There is poor access to digital services in the regional and remote areas of Western Australia due to a lack of fit-for-purpose digital infrastructure and low service performance of existing infrastructure.
In 2018, approximately 83% of Western Australian households had internet access. However, access in regional areas is significantly lower, with fewer than 50% of households connected in some areas.
The connectivity offered in some regional areas is below consumer expectations due to data congestion and unreliability. The National Mobile Black Spot Database also identifies over 450 mobile blackspots remaining in Western Australia.
The 2019 Australian Infrastructure Audit found that in regional centres and rural and remote areas, telecommunications infrastructure often delivers costly services that provide poor connectivity, speeds and data allowances.
Communities with better digital connectivity benefit from improved access to education, health care and other economic opportunities. Primary producers can also use digital agricultural practices to improve productivity and remain globally competitive with other producers.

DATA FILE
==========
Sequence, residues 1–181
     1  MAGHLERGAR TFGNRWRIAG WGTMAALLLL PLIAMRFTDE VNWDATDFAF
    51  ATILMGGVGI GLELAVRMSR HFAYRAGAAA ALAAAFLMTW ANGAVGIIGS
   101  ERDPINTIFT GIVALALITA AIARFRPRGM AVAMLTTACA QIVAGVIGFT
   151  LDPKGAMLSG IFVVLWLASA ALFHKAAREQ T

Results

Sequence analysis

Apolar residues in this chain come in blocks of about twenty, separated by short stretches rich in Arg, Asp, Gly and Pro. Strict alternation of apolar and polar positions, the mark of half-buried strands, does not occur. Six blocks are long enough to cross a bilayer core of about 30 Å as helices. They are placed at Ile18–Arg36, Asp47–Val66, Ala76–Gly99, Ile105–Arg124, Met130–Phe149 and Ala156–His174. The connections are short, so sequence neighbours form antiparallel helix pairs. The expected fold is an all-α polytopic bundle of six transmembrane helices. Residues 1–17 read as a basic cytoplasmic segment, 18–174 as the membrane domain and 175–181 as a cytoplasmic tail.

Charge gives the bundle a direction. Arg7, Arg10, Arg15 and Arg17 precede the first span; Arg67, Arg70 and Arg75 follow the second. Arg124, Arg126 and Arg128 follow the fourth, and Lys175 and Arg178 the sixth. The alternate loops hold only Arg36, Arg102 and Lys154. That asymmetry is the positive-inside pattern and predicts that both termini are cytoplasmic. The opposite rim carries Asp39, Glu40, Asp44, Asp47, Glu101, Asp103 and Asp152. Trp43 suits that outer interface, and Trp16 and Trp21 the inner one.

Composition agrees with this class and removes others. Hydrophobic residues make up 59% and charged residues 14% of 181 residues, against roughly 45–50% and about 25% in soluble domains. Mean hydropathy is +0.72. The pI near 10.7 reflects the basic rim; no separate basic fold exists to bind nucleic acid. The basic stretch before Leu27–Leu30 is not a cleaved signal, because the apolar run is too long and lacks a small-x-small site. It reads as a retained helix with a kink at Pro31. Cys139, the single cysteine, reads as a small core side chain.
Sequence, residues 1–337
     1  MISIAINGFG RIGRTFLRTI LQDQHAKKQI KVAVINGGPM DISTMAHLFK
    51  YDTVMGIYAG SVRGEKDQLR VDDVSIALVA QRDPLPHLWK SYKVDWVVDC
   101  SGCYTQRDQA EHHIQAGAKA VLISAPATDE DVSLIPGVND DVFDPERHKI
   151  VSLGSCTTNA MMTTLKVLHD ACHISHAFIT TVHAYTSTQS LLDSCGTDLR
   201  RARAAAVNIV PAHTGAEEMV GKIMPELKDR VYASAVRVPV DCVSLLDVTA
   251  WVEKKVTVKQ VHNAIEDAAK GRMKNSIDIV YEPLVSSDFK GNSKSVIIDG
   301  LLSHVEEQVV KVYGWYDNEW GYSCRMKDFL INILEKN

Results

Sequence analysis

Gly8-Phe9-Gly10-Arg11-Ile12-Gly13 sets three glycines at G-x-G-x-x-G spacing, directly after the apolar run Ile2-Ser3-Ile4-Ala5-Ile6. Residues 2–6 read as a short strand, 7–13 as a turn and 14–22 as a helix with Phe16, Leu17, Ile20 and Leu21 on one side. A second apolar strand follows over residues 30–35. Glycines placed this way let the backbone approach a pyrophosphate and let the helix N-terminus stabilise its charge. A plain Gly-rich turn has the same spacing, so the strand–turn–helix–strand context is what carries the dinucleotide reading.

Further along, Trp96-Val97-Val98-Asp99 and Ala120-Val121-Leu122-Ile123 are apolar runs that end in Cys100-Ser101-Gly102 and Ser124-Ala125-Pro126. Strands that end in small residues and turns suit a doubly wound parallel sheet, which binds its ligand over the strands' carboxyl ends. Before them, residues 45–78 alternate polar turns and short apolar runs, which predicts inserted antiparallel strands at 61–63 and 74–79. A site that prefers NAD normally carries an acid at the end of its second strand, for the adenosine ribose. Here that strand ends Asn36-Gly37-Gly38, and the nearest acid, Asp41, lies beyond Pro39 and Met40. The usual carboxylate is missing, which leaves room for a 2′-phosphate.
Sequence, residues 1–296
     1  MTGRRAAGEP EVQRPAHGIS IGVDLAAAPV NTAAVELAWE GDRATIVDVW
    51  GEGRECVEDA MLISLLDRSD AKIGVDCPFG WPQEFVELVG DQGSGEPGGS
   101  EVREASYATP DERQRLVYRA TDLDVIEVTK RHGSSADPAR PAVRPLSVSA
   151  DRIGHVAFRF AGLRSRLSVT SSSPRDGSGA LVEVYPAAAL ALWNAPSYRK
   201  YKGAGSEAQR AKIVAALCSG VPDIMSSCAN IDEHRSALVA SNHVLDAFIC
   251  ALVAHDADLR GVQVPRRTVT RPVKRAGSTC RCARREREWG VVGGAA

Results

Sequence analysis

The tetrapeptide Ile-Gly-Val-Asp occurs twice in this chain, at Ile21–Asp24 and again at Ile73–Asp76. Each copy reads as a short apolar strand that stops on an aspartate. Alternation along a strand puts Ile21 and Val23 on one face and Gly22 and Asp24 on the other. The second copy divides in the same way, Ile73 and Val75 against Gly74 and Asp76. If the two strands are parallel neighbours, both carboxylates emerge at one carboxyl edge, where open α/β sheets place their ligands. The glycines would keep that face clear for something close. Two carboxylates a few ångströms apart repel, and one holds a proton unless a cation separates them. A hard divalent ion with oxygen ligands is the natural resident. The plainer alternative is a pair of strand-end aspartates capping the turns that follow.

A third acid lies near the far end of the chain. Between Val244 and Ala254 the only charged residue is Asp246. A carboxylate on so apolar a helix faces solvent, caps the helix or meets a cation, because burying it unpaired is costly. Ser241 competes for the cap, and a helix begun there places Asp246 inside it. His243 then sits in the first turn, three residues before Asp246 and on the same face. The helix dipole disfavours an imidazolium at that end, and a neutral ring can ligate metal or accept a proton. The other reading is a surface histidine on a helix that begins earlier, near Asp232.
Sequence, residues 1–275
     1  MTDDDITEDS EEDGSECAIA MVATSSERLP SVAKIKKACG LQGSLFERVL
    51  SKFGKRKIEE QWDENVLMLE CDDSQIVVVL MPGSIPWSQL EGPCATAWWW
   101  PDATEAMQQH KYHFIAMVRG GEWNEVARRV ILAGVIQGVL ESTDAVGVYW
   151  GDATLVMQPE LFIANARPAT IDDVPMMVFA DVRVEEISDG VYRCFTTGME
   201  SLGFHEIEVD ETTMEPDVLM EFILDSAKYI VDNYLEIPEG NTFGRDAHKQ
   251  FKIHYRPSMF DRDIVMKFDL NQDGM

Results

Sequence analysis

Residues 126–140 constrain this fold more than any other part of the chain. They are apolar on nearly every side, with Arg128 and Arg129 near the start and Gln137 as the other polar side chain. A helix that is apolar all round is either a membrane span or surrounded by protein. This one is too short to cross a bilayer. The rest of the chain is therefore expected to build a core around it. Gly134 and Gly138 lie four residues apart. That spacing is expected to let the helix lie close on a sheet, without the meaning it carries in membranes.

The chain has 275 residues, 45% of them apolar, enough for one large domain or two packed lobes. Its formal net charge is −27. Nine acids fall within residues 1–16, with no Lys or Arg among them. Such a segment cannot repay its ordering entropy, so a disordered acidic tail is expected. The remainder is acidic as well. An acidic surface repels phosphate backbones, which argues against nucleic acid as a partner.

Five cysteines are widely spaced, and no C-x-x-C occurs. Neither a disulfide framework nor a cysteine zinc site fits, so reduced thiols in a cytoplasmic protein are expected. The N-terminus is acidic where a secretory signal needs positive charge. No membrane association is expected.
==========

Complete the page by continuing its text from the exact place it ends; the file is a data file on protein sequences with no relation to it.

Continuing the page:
Regional telecommunications transmission capacity is separately identified as a national High Priority Initiative on the Infrastructure Priority List.
The initiative could be addressed through a program to prioritise and improve the availability and quality of digital access in regional and remote Western Australia and potentially other areas in the state with poor access.
This covers a range of services, including investment in telecommunications infrastructure in regional areas to improve the level of service and coverage.
Proponent to identify initiatives and develop options (Stage 2 of Infrastructure Australia’s Assessment Framework).